Awakenings offers an important lesson to appreciate life. Based on the true story of Dr. Oliver Sacks who managed to awaken several catatonic patients in the summer of 69. Between Big and A League of Their Own, Awakenings became director Penny Marshall’s most acclaimed film. Yet it’s technically the most underrated Best Picture nominee of 1990. It’s practically forgotten compared to movies like Ghost, Goodfellas, The Godfather Part III, and eventual winner Dances with Wolves. But Awakenings is a feel good story with a dedicated cast. After proving his dramatic chops with Dead Poet’s Society, Robin Williams brought just as much thoughtfulness to the fictionalized Dr. Malcolm Sayer.
Dr. Sayer is hired to work in a mental hospital, and although it’s presented in a humorous way, there’s nothing funny about what the patients are dealing with. Sayer’s breakthrough comes when he reaches out to the catatonic patients who were stricken with the sleeplike encephalitis lethargica. The titular “awakening” comes when they’re treated with the experimental L-Dopa. Leonard is the primary patient who miraculously awakens after 30 years. Robert De Niro gives a multilayered Best Actor nominated performance. Going from catatonic to curious about the world. The rest of the cast is just as notable.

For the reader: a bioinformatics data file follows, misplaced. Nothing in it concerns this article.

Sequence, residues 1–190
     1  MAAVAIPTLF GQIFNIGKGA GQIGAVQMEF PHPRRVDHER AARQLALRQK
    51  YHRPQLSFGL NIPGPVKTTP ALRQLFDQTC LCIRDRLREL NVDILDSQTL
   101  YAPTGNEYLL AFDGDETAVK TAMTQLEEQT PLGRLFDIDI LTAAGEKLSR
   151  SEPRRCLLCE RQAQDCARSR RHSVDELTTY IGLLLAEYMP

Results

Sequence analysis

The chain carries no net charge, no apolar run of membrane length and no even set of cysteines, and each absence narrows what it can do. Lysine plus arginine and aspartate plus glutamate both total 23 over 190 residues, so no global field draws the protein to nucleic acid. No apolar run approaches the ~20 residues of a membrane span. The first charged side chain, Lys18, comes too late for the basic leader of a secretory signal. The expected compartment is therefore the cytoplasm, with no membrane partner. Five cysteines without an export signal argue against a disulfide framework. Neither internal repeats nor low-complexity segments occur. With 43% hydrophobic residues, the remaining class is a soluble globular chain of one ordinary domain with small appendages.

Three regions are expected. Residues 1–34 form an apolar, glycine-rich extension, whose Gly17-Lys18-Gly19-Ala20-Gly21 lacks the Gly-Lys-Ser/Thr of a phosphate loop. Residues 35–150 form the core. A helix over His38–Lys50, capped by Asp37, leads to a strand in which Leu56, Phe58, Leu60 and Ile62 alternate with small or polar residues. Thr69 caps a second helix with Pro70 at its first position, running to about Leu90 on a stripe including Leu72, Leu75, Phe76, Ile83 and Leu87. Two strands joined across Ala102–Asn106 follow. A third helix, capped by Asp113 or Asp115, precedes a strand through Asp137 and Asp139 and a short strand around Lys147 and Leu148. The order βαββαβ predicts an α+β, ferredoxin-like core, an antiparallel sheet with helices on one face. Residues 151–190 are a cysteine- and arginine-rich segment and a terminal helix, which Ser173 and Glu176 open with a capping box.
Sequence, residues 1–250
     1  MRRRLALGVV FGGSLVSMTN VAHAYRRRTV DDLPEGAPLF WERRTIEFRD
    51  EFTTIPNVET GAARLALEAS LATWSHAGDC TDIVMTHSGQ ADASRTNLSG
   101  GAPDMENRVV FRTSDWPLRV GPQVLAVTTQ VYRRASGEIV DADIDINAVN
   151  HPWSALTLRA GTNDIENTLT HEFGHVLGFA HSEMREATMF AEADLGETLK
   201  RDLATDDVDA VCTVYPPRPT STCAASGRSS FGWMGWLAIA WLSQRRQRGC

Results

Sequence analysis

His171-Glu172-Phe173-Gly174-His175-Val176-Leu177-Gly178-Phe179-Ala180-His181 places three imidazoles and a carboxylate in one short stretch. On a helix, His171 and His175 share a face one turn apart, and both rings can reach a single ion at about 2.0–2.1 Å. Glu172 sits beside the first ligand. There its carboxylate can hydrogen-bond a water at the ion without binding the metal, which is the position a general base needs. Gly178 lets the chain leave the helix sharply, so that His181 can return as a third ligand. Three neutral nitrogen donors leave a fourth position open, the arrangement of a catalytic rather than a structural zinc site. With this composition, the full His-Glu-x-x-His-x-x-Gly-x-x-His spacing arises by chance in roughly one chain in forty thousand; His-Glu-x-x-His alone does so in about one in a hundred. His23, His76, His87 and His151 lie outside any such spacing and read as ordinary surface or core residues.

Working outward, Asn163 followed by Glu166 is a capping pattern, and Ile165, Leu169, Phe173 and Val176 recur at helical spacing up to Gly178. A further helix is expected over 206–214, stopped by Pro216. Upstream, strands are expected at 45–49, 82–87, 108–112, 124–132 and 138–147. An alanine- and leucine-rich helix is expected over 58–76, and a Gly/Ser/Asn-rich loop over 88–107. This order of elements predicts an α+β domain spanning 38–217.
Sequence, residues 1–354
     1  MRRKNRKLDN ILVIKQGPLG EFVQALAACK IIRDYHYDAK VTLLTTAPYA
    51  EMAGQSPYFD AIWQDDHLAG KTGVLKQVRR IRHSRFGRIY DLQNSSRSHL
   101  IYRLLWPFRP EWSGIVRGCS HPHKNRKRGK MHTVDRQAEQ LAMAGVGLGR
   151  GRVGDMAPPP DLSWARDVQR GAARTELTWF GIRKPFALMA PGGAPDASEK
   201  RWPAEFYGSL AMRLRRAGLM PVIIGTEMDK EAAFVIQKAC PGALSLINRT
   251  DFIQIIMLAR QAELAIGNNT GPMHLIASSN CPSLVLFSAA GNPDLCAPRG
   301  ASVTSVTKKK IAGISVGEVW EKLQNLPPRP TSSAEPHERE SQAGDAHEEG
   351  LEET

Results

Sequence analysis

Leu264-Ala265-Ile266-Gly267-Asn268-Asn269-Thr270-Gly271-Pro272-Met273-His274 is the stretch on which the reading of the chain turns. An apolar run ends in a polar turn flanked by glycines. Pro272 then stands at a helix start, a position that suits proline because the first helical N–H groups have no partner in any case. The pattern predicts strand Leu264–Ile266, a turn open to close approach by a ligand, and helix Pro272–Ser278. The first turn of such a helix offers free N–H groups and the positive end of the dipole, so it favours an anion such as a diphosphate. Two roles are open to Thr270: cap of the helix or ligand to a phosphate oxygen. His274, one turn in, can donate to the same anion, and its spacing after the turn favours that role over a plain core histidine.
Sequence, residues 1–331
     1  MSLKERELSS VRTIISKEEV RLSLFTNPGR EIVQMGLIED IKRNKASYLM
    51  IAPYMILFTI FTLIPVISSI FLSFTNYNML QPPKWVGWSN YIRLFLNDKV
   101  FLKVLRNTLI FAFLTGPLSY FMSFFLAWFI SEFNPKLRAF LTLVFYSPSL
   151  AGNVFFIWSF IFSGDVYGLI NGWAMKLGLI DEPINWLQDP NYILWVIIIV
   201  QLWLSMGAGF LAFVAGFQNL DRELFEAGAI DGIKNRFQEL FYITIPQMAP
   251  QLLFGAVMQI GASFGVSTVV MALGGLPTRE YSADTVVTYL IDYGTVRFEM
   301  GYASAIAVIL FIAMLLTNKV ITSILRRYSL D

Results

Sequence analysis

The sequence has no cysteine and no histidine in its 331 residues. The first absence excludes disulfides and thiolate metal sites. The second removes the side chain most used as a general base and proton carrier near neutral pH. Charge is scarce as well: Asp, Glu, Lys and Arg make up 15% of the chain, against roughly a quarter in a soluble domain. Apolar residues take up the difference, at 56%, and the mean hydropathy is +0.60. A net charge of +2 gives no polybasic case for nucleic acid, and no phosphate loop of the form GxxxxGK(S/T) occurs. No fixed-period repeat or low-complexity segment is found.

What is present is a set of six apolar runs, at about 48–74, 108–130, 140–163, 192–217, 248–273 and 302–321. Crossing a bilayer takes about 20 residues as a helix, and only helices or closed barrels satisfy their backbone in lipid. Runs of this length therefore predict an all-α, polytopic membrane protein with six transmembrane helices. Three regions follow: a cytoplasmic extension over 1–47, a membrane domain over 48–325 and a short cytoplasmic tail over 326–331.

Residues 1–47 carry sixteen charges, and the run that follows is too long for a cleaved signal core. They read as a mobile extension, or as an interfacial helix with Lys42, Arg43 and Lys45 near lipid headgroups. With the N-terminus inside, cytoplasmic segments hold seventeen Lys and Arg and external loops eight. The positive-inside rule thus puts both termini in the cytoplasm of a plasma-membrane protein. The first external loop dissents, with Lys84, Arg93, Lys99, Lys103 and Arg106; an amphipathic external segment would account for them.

Marge Simpson herself Julie Kavner plays one of the more caring orderly’s who has romantic interest in Malcolm. No two patients are the same, but Alice Drummond as Lucy stands out for inspiring the tests. John Heard and Max von Sydow both play doctor’s with differing opinions about the treatment. Several well known actors make an appearance, but the most shocking one is a young Vin Diesel (with hair) in his first film role. In her final film role, Ruth Nelson shows the emotional struggle that comes with being Leonard’s mother. Penelope Ann Miller is just as caring as Leonard’s love interest. Leonard unfortunatly regresses, but the way he saw life was enough to leave a positive impact on others. Awakenings is no One Flew Over the Cuckoo’s Nest, but it is just as tragically inspirational.
2 thoughts on “There’s No Such Thing as a Simple Miracle”
This was another instance of seeing clips of the film in the director’s spotlight series of my High School film class for Penny Marshall. A little too heartbreaking for me, but I also understand it was a story people needed to know about.
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I’d say it’s both feel good and heartbreaking.
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